Scuba diving used to help trauma victims, people with disabilities

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Sunday, January 25, 2015
Scuba diving used to help trauma victims
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Diveheart is using scuba diving as therapy for people with disabilities and military veterans who have experienced trauma.

DOWNERS GROVE, Ill. (WLS) -- The world can be a tough place to negotiate for a person with severe disabilities.

But one group, called Diveheart, is using scuba diving as therapy for people with disabilities and military veterans who have experienced trauma. They say there's something about going under water that helps them reach new heights.

"There's no surface distractions under water," said Jim Elliott, founder and president of Diveheart. "It helps you focus and I think the pressure helps as well."

Elliott started Downers Grove-based Diveheart in 2001. The idea is to help people with disabilities to build confidence, independence and self-esteem through scuba therapy.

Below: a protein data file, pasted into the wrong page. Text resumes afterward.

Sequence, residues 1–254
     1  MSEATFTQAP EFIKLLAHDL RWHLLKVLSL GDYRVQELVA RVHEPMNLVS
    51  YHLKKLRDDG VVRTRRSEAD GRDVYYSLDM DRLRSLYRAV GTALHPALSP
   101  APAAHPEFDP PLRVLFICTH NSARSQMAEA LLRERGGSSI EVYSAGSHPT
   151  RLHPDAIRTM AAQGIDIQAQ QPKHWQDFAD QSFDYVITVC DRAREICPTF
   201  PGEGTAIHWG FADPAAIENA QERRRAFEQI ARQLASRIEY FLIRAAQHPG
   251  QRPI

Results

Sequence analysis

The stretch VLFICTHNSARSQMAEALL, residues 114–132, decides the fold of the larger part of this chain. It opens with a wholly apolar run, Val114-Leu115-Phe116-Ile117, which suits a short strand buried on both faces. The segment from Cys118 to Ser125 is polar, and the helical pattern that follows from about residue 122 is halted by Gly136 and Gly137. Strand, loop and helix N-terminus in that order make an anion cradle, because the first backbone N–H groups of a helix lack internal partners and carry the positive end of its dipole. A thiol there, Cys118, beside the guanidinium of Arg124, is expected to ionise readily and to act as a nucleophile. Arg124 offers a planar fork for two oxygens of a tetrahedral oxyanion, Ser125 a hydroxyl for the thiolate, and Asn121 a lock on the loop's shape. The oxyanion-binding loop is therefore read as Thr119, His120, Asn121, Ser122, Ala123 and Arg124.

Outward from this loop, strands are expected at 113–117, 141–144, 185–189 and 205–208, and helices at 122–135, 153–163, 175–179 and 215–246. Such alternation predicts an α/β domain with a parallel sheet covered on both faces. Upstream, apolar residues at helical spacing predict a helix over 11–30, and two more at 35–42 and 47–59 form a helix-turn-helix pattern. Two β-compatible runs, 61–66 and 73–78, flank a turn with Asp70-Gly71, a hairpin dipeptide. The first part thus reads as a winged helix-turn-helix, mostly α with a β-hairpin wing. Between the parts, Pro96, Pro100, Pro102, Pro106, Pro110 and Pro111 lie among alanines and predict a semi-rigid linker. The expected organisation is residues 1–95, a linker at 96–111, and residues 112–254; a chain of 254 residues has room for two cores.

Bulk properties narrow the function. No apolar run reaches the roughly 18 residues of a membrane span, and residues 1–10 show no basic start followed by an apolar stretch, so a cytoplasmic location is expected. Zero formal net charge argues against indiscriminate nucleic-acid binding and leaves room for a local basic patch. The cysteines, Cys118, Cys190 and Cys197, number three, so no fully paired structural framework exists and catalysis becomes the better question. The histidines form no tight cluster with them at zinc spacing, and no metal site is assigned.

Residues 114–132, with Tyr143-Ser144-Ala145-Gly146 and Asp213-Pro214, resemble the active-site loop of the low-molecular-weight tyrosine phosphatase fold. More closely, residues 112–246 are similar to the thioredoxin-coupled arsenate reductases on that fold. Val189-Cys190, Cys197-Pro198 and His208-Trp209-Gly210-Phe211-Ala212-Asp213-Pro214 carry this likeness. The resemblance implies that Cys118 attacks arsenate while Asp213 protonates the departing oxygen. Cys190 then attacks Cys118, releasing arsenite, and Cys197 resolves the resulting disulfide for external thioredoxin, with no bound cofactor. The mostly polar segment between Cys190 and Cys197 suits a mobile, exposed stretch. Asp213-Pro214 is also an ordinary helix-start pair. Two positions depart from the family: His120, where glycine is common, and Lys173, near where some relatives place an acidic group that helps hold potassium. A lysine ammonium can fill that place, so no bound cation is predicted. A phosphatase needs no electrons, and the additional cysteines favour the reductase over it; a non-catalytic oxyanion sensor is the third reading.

"We see the benefit immediately. The first pool session is very powerful," Elliott said. "We had no idea when the kids go home, some of the other benefits that the families were seeing, and how when they were out of the water for a while the families would say, 'God, we can tell that Johnny needs to get back in the water.'"

And you don't have to be a swimmer to dive. Natalie Chastain has cerebral palsy. The 21-year-old is wheelchair-bound and non-verbal. A full-face mask allows her to experience the zero-gravity water and release her physical challenges.

"We've had people with no arms and no legs. We've even had a guy on a ventilator believe it or not," Elliott said.

Greg Rodriguez, 31, is a U.S. Marines veteran who suffered a traumatic brain injury in a car crash shortly before he was to be deployed. He still struggles with speech and mobility but credits Diveheart with giving him a second chance.

"I'm living the dream," Rodriguez said.

"We push him a little bit more to get him further and further along," said Andy Ferraro, a volunteer scuba instructor.

Evelyn Felipez, 17, was born with spina bifida. She says diving has changed her life.

"Once I'm in the water, I feel that there are no limitations for me," Felipez said. "There's nothing that makes me feel like I can't do this."

The non-profit organization uses volunteer scuba instructors and does not charge a fee to participants.

The group has a goal of building a deep, "warm water" facility here in Illinois. To connect with Diveheart, visit